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Monday, December 15, 2008

For the love of the game 

Posted by Sasha at 5:28 PM ET

Michelle Willard, Staff Writer
Murfreesboro Post
December 14, 2008

Tennessee Titans cheerleaders have to be two things – beautiful and smart.

“First, they have to look amazing in their photographs,” Director of Cheerleading Stacie Kinder said. “They also have to be smart, because they are representatives for the Titans organization. They’re surrogates for all of us.”

Kinder isn’t kidding about how smart the women are. One is a Vanderbilt graduate and neuromedicine researcher on her way to medical school. Two others are master’s students. One, in particular, is a pre-med student at MTSU and Rutherford County native.

“It’s an accomplished group of women,” Kinder said, adding this is typical for NFL cheerleading squads.

Ally, 19, the MTSU student and Rutherford County native, is in her rookie year as a Titans cheerleader and her junior year working toward a degree in biology with a minor in chemistry with plans to enter medical school after graduation.

“I got really lucky this year,” she said. “I love watching the games, and it’s fun being on the sidelines.”

Ally cheered and lived all over Rutherford County, putting in time at Mitchell-Neilson Elementary, Walter Hill Elementary, Thurman Francis Magnet and La Vergne High School.

“I cheered in middle school and my freshman and sophomore years in high school,” Ally explained. She didn’t cheer her junior and final year in high school because she was busy going to classes at night to finish a year early.

She said she knew in high school she wanted to pursue medicine as a career and only needed two classes to graduate early. So she worked hard and headed off to MTSU while her friends were still in high school.

Making the team

Ally comes from a football family.

She grew up watching football on Sundays and her family became Titans season-ticket holders in 1999.

“I didn’t like it so much,” she said about those football Sundays when she was young, “but now I really, really enjoy it.”

And it was this newfound love for the game that inspired her to try out for the cheerleading squad.

She talked to her parents about it last year and they encouraged her to apply. But she decided to wait.

Before this record-setting season began, Ally decided to take her chance and applied for the squad.

“This year I applied and got a chance,” she said.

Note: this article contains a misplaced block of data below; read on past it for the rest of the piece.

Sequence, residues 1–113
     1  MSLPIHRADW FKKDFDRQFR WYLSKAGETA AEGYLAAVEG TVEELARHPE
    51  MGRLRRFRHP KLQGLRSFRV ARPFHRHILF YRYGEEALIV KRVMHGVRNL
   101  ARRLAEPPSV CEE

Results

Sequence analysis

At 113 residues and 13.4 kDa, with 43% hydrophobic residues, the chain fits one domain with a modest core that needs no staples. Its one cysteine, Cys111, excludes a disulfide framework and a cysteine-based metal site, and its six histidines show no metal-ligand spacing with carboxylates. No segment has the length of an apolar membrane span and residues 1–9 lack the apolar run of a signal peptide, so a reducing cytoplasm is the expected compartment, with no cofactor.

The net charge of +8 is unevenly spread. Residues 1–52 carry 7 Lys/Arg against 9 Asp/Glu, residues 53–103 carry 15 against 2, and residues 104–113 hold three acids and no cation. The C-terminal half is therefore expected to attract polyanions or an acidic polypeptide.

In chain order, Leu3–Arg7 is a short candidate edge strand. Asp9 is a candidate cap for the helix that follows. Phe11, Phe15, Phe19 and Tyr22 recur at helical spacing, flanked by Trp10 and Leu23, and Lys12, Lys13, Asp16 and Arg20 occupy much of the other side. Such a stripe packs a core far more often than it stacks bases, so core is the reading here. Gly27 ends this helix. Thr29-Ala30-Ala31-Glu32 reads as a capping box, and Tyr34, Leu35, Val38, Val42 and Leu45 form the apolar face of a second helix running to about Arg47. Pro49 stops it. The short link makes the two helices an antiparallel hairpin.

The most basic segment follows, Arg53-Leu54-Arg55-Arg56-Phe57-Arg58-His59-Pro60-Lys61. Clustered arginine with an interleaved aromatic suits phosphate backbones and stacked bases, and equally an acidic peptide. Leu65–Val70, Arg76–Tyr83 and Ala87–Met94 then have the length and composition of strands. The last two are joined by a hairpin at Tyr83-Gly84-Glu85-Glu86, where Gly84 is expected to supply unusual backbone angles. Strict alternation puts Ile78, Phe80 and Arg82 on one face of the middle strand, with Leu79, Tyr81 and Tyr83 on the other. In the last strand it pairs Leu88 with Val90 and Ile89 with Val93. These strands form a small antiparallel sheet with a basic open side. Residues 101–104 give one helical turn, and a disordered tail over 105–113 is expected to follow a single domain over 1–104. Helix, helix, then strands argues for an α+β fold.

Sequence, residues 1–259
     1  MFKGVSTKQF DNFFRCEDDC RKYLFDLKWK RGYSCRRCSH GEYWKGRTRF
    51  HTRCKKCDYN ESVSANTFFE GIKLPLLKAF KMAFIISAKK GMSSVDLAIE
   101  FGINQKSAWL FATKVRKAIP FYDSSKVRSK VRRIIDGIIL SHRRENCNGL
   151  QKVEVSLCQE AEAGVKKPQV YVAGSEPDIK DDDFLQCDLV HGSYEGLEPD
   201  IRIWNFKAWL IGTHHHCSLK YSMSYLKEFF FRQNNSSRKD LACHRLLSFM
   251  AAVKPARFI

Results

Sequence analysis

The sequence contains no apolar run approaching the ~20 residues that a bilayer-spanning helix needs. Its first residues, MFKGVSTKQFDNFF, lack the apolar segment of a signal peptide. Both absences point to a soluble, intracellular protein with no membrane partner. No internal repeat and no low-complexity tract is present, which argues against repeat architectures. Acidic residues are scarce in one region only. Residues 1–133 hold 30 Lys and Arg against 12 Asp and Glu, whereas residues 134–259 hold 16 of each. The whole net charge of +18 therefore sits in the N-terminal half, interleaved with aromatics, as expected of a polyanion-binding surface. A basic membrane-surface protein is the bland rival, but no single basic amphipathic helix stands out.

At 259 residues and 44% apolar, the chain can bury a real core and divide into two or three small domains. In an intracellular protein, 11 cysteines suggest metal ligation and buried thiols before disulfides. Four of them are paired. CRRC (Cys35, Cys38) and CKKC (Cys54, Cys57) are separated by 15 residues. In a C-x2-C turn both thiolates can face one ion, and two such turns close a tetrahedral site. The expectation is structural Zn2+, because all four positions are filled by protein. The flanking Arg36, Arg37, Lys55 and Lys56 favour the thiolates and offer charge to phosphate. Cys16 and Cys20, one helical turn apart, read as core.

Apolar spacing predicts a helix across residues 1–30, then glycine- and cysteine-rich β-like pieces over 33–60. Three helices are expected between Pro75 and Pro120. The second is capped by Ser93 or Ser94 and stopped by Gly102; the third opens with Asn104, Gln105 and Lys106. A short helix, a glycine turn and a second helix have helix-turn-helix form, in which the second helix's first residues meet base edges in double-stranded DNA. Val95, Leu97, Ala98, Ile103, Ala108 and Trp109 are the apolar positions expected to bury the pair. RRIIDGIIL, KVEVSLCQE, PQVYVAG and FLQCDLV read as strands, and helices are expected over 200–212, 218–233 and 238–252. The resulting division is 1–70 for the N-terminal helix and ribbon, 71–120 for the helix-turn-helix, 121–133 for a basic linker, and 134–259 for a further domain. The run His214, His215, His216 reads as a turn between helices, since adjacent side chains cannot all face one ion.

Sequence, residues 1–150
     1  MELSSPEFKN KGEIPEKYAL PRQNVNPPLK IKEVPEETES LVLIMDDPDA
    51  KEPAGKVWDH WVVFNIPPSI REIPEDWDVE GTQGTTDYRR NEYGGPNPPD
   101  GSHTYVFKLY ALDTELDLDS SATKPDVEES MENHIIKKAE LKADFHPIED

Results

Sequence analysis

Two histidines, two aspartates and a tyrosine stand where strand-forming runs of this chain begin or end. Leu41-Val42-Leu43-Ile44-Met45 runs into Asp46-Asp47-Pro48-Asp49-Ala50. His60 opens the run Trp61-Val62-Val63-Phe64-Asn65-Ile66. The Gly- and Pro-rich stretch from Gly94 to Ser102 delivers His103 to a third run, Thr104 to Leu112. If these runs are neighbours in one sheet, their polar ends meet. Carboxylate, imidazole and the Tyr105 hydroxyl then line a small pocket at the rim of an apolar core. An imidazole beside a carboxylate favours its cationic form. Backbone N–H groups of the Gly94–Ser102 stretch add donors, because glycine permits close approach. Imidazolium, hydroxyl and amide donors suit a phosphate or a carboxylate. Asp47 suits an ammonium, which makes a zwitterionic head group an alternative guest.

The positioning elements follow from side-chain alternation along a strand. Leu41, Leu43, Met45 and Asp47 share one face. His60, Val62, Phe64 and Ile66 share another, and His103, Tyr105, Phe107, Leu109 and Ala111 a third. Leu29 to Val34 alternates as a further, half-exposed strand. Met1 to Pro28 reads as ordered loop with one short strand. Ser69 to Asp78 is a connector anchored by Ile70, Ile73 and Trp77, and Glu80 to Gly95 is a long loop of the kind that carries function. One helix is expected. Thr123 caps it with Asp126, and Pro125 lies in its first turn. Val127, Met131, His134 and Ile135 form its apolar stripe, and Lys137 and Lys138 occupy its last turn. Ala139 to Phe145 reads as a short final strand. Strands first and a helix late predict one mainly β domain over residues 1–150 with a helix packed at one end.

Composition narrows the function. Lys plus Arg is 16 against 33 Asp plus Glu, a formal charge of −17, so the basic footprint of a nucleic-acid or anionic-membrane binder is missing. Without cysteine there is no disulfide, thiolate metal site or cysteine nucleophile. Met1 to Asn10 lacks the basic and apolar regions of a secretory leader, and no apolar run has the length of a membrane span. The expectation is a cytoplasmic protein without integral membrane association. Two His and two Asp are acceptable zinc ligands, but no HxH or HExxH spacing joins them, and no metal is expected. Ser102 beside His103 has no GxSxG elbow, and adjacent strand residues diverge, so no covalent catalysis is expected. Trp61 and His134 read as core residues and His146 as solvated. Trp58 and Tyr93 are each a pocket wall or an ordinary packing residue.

Ally went to The Bubble, the Titans practice facility in Nashville.

“It was full of women,” she said.

Kinder said the try-out process is a month long where prospects are judged on a kickline, dancing ability and appearance, as well as a face-to-face interview, which compromises most of their final score.

“I had never tried out for something so big,” Ally said. “It was fun, but I was nervous … because I didn’t know what to expect.”

For her the hardest part was learning a dance routine in 20 minutes and then performing it in front of the judges.

“I wasn’t used to that type of dancing,” she said, explaining it was mostly hip-hop.

Being a pro cheerleader

Ally may have cheered in high school, but it was her experience with dance, as well as her smarts, that got her a spot on the Titans squad.

“On the sidelines, it’s mostly dancing,” she said, adding cheering in high school was mostly yelling cheers and stiff motions to get the crowd into the game.

“I definitely had to adapt to how things are,” Ally said.

But all the work is worth it to have the best seats in LP Field, she said.

As well as cheering on the sidelines at home games, the Titans Cheerleaders also make personal appearances and do charity work.

“It’s great I love it,” she said.

Ally’s favorite part is making appearances because of the fans.

“The ones down the street from my house are the most fun,” she said. She described the excitement of the kids at the local Wal-Mart or the fans who win tickets at Kroger drawings.

For charity work, the women visit with U.S. troops or kids at St. Jude’s Hospital in Memphis. They also do fundraisers from various local charities like the Leukemia and Lymphoma Society.

“We do a lot of work in the community, as well as cheering for the Titans at home games,” Ally said.

Practice makes better

When Ally isn’t busy studying for organic chemistry or calculus, or playing Trauma Center on her Wii, she’s practicing dance routines for the Titans cheerleading squad.

“We have 10 to 15 different dances on the sideline,” Ally said, adding the squad has six others for quarter breaks during games.

“They can call any of them,” she said, explaining any of the routines can be called at any time during games and the women have to know exactly what to do.

To get the routines down, the squad practices for three hours two or three times per week, including Fitness Fridays, when the cheerleaders have to run a mile under a certain amount of time and do some “hardcore working out,” Ally said.

“It’s time consuming, …” she said. “But all the hard work is worth it.”

A self-described perfectionist, Ally also spends some of her precious free time making sure she has the routines down pat.

“I strive for perfection,” she said. “I still practice on the weekend. … I still give it my all.”

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